- Companies will have better client retention and cheaper client acquisition.
- Employees will be able to work more effectively based on the feedback of the areas where they should improve.
- Clients will see that you are trying to provide a great client experience.
Moreover, you can incentivize client feedback by offering discounts or gift cards for their participation. For example, you can use Daylite to create email templates and automate them, in which you’re offering discounts or gift cards in exchange for the feedback provided. This useful trick can greatly improve the number of comments received as well as the overall client satisfaction level.
5. Share the Insights with the Team
You may find useful insights in your client feedback that will be of great use for your employees and management. Passing down knowledge is an essential part of managing feedback.
You could share the best practices that you have learned from the positive feedback, or you may have to explain why you are changing certain aspects of your business strategy after taking the constructive feedback into consideration.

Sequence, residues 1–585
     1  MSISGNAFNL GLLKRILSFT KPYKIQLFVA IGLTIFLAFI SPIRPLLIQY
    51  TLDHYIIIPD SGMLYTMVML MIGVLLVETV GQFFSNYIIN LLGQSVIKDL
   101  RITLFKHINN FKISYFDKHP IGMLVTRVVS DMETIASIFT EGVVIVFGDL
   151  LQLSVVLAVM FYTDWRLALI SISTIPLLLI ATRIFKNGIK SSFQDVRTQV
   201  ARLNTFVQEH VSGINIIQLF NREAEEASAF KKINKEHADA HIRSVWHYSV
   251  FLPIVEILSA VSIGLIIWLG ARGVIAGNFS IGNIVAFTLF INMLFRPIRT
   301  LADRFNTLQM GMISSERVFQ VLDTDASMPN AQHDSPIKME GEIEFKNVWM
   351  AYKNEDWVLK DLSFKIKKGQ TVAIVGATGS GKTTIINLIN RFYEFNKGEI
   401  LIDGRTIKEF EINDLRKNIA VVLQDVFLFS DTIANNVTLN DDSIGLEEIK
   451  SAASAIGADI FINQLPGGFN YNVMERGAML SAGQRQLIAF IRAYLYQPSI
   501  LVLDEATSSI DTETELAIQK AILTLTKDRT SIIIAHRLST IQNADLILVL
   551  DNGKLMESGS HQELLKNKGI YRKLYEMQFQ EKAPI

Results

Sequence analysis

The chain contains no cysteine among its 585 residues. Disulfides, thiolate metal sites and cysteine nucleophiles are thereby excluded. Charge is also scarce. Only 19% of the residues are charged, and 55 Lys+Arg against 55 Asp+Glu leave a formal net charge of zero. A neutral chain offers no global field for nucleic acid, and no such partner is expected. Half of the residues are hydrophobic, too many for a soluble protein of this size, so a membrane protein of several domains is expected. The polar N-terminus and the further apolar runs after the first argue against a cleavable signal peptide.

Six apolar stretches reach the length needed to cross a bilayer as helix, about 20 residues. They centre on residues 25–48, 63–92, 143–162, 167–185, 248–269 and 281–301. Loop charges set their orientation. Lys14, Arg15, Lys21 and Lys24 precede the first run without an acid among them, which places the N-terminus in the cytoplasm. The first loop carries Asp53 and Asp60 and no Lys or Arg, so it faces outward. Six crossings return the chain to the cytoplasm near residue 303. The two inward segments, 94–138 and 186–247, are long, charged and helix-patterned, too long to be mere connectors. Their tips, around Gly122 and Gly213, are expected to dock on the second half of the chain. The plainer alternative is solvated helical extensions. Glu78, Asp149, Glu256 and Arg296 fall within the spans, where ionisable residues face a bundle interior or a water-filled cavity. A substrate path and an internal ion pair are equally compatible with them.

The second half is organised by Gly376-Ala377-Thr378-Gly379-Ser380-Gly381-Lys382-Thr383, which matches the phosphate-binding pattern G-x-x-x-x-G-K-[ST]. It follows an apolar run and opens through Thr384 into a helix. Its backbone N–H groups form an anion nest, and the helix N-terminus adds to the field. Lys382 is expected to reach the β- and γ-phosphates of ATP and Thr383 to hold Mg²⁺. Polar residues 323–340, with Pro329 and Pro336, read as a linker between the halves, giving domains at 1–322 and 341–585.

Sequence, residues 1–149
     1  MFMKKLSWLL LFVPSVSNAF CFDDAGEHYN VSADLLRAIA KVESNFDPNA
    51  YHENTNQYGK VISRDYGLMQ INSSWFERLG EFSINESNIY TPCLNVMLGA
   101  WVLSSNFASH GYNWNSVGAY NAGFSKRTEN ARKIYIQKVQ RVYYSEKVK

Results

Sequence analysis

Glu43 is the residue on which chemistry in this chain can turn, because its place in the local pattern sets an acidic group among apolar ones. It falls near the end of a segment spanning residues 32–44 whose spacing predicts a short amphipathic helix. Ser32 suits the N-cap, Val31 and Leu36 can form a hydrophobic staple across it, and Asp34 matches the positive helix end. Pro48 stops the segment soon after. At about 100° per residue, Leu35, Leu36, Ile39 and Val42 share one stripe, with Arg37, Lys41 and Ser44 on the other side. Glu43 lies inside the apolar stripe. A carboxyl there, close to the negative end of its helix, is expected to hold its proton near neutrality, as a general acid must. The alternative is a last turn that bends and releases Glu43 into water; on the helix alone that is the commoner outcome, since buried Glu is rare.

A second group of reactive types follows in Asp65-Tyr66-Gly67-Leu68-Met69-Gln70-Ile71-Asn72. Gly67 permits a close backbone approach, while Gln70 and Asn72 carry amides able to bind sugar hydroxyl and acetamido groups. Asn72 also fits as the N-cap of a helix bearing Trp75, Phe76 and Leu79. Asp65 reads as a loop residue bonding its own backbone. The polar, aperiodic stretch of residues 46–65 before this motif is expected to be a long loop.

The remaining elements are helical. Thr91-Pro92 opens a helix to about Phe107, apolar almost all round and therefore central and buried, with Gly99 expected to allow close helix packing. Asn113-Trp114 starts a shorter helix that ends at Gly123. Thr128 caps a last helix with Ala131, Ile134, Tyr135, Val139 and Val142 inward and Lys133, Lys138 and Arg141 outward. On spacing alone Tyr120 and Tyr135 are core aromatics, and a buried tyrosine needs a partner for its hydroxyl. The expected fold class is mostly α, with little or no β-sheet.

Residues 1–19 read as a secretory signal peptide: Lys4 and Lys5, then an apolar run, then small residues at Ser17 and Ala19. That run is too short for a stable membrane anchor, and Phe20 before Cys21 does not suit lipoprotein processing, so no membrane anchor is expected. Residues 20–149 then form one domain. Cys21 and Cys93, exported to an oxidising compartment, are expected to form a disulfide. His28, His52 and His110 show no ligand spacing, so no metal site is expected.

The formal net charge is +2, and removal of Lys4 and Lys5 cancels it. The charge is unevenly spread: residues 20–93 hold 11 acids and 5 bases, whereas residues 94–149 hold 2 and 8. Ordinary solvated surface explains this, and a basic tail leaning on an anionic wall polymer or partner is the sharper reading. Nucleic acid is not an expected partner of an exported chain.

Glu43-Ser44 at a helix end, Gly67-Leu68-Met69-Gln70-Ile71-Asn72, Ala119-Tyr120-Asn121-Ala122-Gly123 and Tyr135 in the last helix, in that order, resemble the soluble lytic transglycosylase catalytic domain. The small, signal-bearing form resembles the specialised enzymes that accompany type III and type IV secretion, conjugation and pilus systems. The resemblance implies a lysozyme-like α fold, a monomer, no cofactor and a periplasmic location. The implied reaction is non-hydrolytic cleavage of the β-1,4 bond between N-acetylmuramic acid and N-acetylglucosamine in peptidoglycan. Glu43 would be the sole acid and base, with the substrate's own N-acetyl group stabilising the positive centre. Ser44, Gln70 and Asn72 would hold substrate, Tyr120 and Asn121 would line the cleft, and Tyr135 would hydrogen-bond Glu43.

Moreover, you can motivate your employees by praising their efforts and attentiveness to your clients and their experience, and by highlighting direct compliments from the clients’ feedback.
Collecting feedback is not hard when you know exactly how and what to do with it. In 5 easy steps, we have learned to:
- Choose a focus point so you can reduce the survey length to maximize participation.
- Use tools that help you monitor mentions of your brand on social media to see what your audience really thinks about you.
- Send client feedback surveys via email or text message right after you finish working with a client, and offer a discount or gift card for leaving feedback to maximize the probability of your clients completing the survey.
- Take the feedback into account and genuinely try to fix the issues.
- Pass down the knowledge from feedback analysis.
About the author:
Rebecca Willis is an HR manager, personal trainee in management, freelance writer and active guest contributor. You can find her by email at firstname.lastname@example.org.